United States District Court, D. Colorado
December 5, 2014
KEIFER JOHNSON, Plaintiff,
BRAD BACA, in his official capacity as President of Western State Colorado University, GARY PIERSON, in his official capacity as Vice President of Student Affairs & Dean of Students, SARA PHILLIPS, in her official capacity as Title IX Coordinator, CHRIS LUEKENGA, in his official capacity as Associate Vice President for Student Affairs, and SUSAN COYKENDALL, in her capacity as an employee of Western State, Defendants.
ORDER DENYING PLAINTIFF'S MOTION FOR SANCTIONS
WILLIAM J. MARTÍNEZ, District Judge.
Plaintiff Keifer Johnson ("Plaintiff") brings this action against employees of Western State University ("Defendants") under 42 U.S.C. § 1983 alleging that a disciplinary action taken against him violated his First Amendment rights. (ECF No. 138.) Before the Court is Plaintiff's Motion for Sanctions Pursuant to Federal Rule of Civil Procedure 11 ("Motion"). (ECF No. 93.) For the reasons set forth below, the Motion is denied.
I. LEGAL STANDARD
By signing and filing a pleading, written motion, or other paper, counsel is certifying that to the best of his or her knowledge, information or belief, formed after a reasonable inquiry: (1) the filing is not presented for any improper purpose, (2) that any legal arguments, claims or defenses are warranted by existing law or a non-frivolous argument for the extension, modification or reversal of existing law, and (3) that any allegations or factual contentions or denials of factual contentions have evidentiary support, or "if specifically so identified, are likely to have evidentiary support after a reasonable opportunity for further investigation or discovery." See Fed.R.Civ.P. 11(b); see also Trierweiler v. Croxton & Trench Holding Corp., 90 F.3d 1523, 1540 (10th Cir. 1996). The standard to be applied is an objective one-whether a reasonable, competent attorney would believe, under the same circumstances, that the contentions were warranted. See, e.g., White v. General Motors Corp., 908 F.2d 675, 680 (10th Cir. 1990). Whether to impose Rule 11 sanctions is within the sound discretion of the Court. Coffey v. Health Trust, Inc., 1 F.3d 1101, 1104 (10th Cir. 1993); 5A C. Wright & A. Miller, Federal Practice and Procedure § 1331 at 476 (3d ed.) (explaining that under the 1993 amendments to Rule 11, "[t]he district court now has discretion in determining whether or not to apply sanctions for a Rule 11 violation and no longer is mandated to do so as was true under the 1983 amendment").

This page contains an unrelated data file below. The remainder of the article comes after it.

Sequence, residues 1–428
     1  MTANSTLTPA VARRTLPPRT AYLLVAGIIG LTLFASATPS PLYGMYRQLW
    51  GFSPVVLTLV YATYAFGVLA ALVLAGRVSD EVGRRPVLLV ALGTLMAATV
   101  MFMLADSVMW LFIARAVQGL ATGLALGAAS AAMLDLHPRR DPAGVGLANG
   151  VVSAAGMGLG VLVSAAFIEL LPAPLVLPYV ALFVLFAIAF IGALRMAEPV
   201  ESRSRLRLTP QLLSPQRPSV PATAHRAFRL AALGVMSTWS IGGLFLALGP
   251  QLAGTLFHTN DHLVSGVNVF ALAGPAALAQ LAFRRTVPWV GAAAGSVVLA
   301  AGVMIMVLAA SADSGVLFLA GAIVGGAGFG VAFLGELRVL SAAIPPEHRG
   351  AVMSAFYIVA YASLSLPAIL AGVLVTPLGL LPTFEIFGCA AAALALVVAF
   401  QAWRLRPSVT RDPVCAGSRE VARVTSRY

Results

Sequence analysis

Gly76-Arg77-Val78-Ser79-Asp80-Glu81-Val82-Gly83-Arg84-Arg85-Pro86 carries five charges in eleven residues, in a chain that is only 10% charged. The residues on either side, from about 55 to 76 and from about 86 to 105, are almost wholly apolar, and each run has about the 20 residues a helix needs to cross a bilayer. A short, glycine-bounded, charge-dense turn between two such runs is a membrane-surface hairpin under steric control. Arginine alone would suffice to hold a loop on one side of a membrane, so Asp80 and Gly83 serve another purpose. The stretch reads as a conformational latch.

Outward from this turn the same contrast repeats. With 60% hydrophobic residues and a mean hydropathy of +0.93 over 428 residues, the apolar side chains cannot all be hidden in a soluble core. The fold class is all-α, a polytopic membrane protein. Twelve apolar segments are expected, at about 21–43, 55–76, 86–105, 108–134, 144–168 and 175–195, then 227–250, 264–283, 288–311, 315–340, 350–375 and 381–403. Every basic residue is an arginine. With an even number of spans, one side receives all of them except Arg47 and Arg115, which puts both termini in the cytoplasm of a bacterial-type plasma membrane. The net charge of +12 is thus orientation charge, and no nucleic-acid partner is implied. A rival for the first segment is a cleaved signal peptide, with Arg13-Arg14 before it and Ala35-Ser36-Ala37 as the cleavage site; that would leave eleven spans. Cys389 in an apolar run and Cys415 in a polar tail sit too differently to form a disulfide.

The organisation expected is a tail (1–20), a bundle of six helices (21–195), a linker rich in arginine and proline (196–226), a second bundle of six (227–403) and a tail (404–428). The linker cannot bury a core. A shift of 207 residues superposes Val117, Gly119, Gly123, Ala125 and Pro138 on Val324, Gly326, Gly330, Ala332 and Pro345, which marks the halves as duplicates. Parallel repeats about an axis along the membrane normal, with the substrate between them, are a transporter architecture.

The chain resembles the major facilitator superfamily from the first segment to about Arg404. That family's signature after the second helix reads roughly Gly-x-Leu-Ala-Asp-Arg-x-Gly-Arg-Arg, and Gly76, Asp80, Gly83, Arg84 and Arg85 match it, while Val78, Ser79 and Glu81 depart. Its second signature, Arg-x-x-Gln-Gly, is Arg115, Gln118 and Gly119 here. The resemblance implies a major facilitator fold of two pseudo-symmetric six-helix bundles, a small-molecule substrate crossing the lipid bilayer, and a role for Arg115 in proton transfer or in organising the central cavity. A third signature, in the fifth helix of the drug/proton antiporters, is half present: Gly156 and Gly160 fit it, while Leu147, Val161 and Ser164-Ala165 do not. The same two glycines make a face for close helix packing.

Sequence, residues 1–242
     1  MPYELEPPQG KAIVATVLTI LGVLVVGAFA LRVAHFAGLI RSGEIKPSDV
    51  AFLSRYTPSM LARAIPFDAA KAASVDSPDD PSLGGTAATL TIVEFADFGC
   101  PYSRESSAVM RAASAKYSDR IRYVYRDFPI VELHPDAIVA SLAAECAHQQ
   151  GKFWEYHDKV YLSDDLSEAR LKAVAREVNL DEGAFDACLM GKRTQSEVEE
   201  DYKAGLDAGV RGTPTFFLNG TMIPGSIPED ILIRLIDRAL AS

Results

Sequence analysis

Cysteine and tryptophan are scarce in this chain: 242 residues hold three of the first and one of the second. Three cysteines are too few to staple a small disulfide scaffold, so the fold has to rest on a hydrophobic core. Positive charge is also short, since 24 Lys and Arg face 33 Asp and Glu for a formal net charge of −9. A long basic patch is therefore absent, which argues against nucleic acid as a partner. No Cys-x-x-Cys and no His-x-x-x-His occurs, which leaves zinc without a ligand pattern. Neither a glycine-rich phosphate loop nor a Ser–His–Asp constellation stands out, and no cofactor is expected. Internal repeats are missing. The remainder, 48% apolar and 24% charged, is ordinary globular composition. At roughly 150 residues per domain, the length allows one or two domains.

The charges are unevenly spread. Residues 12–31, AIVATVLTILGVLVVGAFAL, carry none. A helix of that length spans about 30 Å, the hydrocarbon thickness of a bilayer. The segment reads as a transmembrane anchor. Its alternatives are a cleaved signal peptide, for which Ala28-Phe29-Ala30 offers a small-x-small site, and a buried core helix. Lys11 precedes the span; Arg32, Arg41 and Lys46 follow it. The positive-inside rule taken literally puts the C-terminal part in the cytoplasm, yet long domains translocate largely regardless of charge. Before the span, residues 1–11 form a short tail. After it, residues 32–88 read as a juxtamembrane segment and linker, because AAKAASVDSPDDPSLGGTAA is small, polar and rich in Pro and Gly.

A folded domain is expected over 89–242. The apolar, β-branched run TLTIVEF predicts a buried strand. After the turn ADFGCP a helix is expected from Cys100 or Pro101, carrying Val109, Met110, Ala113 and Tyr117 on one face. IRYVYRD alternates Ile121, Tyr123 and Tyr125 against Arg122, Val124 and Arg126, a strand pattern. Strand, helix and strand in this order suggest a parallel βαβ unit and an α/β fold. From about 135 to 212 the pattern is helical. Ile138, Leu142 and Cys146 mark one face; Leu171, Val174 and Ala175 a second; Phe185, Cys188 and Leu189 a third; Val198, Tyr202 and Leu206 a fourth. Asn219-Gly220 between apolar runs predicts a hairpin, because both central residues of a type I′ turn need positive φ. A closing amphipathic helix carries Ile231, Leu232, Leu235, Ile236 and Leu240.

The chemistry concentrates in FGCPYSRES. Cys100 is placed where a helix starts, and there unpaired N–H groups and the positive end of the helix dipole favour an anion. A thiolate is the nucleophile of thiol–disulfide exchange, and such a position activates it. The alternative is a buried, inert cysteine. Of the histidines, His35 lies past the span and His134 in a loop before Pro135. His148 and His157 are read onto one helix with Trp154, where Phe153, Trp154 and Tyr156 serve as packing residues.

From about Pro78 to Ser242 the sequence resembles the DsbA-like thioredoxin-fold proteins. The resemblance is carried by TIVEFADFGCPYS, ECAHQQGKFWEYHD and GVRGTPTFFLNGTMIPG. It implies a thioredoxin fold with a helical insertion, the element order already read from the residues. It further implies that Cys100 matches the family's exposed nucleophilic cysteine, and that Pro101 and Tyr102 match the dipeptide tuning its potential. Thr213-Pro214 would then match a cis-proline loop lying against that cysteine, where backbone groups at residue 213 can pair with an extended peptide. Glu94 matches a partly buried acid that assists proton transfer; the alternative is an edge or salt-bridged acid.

Plaintiff contends that the Court should impose Rule 11 sanctions on Defendants' attorneys based on allegedly false representations made in Defendants' opposition to Plaintiff's request for injunctive relief. (ECF No. 93.) Specifically, Plaintiff alleges that Defendants misled the Court by stating that they did not have knowledge of the events underlying the second disciplinary proceeding during the pendency of the first disciplinary proceeding. ( Id. ) Plaintiff contends that the evidence disclosed during discovery shows that this was not an accurate statement, and that Defendants' counsel was aware of the inaccuracy when their motion papers were filed. ( Id. )
The Court has reviewed the documents filed by Plaintiff in support of these claims, and compared them to the statements made by Defendants' counsel. The Court strongly disagrees with Plaintiff's assertion that Defendants' counsel affirmatively misled the Court, or otherwise misstated the facts. Defendants have consistently represented that, at the time of the first disciplinary proceeding, Onna Gould had not yet made a formal sexual assault complaint against Plaintiff. Nothing in the documents provided refutes that representation. Rather, these documents show that Defendants were generally aware of the nature of the relationship between Ms. Gould and Plaintiff, and suspected that a formal complaint could be filed. However, they also show that Ms. Gould's formal complaint was not submitted until the day after the first disciplinary proceeding concluded.
Having reviewed the relevant documents, it is apparent that the parties view the evidence through vastly different lenses. However, nothing in this case remotely approaches sanctionable conduct. Defendants' counsel is entitled to make factually accurate arguments that favor their clients, which is what they did in this case. See Coffey, 1 F.3d at 1104 ("It is the obligation of counsel opposing the value of evidence, not the proponent, to expose weakness in evidence upon which an attorney relies for the filing of pleadings, motions and other papers."). Accordingly, Plaintiff's Motion for Sanctions is denied.
For the reasons set forth above, Plaintiff's Motion for Sanctions (ECF No. 93) is DENIED.